The logarithm operator is the inverse operation of the exponent operator. The operation has a base represented by the variable and operates on an input expression represented by the variable .
The examples below demonstrate the basic pattern the logarithm operator exhibits when the base is the same for the input numbers.
The logarithm operator is closely related to the exponential and radical operators as shown in the table below. Conceptually, the behavior of each of the operators is framed using the scenario of population growth, where the initial population is represented with a value of , the variable represents growth rate, the variable represents the time elapsed, and the variable represents the population.
Equation  Operator 

Exponent Given the growth rate and the time elapsed, the exponent operator returns the population. 

Logarithm Given the growth rate and the population the logarithm operator returns the time elapsed.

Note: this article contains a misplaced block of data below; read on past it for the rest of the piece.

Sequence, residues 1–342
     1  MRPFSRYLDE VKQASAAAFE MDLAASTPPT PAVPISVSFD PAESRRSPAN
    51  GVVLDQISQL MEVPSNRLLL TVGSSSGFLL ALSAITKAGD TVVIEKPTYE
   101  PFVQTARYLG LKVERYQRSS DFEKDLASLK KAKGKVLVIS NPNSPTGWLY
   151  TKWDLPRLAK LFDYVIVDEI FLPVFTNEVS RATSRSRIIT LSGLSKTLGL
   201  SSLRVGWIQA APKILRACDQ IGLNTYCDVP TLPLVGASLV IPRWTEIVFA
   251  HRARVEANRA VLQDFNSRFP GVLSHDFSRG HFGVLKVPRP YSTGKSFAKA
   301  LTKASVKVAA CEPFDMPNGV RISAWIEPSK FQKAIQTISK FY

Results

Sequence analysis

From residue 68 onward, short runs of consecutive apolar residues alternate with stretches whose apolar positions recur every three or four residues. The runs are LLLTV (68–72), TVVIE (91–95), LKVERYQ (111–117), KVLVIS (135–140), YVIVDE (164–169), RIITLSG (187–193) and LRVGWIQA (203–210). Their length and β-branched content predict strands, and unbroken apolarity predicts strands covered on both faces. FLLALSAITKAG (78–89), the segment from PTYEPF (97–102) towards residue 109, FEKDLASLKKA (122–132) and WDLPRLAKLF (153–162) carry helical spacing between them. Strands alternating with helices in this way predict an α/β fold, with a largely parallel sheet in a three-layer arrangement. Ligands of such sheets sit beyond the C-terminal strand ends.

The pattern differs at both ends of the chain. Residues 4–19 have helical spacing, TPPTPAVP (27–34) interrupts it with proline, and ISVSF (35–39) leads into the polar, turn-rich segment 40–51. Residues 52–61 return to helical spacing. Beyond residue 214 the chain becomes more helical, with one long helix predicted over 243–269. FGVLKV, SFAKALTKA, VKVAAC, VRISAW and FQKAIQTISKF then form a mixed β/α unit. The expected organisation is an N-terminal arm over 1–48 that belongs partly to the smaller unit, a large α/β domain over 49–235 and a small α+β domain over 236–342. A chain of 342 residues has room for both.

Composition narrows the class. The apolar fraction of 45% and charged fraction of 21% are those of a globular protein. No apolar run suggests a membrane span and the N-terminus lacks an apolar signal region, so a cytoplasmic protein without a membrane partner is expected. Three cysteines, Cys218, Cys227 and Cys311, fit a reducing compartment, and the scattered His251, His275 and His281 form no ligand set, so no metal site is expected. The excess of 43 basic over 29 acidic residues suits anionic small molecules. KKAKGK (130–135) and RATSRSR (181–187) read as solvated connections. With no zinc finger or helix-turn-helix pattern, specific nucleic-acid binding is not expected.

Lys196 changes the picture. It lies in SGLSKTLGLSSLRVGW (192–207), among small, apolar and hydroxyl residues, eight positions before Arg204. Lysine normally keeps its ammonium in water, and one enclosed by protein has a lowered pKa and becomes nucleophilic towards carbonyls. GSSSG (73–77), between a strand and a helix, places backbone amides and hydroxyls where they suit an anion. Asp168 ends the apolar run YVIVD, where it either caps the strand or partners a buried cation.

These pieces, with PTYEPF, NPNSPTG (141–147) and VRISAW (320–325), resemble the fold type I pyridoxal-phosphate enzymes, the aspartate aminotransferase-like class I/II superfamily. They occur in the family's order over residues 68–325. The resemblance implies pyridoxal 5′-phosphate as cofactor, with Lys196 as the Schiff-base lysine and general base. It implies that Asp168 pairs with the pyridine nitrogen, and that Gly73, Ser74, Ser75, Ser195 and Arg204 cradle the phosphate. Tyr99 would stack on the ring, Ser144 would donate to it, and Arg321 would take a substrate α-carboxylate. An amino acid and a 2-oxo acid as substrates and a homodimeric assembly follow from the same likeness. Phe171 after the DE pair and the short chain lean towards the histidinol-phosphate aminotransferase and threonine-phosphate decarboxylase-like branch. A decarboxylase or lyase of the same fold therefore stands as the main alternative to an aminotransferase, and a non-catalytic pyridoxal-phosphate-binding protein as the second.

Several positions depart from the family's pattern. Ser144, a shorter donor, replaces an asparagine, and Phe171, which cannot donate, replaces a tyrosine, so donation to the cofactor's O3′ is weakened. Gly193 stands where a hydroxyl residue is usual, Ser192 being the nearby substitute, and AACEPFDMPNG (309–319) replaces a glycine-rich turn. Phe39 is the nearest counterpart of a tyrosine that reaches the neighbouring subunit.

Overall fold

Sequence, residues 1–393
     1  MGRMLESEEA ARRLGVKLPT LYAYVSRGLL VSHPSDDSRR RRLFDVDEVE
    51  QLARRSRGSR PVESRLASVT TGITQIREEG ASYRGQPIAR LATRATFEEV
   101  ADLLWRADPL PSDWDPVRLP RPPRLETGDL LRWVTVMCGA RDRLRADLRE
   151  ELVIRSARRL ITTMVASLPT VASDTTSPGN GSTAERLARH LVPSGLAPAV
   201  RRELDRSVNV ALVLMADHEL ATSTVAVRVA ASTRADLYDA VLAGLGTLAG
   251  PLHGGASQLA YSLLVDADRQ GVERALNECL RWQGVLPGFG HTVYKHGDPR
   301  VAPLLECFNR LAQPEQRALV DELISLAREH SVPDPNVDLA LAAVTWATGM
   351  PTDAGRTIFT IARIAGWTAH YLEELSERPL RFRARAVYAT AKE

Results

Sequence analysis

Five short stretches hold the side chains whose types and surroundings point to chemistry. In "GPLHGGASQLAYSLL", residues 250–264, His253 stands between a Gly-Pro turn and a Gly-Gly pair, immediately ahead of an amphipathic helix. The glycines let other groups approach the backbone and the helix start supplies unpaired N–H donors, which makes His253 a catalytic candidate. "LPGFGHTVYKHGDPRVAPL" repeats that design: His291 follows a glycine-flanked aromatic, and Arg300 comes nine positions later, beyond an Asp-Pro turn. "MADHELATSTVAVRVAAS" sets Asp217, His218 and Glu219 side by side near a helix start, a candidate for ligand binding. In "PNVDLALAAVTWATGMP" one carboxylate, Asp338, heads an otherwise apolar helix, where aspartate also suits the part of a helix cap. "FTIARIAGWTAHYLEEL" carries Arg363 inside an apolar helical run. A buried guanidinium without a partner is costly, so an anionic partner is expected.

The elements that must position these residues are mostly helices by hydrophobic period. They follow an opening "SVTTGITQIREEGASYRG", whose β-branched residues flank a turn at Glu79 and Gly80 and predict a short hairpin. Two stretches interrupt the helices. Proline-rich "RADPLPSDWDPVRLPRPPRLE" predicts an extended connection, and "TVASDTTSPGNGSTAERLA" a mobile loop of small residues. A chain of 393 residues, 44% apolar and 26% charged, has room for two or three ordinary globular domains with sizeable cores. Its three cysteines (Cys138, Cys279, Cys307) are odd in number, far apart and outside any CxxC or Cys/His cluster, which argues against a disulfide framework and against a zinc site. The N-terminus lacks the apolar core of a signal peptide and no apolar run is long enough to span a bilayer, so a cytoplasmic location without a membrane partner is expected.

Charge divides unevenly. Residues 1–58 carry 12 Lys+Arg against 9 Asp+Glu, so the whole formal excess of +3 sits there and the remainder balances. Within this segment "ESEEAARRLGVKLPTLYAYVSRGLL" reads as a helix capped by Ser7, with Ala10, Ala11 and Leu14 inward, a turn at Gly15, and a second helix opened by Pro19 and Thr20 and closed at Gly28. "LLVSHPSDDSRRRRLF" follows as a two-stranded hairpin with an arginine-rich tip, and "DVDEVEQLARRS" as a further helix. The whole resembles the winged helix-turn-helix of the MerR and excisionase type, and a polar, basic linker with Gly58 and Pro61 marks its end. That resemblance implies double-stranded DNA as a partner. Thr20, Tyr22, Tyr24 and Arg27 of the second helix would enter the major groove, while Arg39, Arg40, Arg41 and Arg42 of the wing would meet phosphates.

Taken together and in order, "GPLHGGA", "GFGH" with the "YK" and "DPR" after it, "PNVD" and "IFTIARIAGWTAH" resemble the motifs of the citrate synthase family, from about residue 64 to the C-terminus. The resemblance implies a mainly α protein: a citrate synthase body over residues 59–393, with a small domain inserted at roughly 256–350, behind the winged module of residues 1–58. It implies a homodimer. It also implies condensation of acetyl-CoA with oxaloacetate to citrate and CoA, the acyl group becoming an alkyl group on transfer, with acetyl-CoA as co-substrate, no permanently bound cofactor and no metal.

Radical Given the time elapsed and the population the radical operator returns the growth rate. 
A way to visualize the relationship these three operators have with each other is shown on this page
Name  Property 

Product  
Quotient 
The exponentiation operator is a binary operator. The base is an expression or number that is being raised to some exponent. The exponent expression is denoted using superscript text.
The radical operator returns the nth root of the provided expression. The radical operator is an alternative way of writing a fractional exponent.
Taking the logarithm of a number is the inverse operation of exponentiation. The subscript number is the base of the logarithm and the expression is the operand.
This interactive demonstrates the basic properties of exponential growth using the structure of a tree. The base of the exponent corresponds to the number of branches that sprout at each intersection or "branching factor" of the tree. The exponent corresponds to the number of levels in the tree.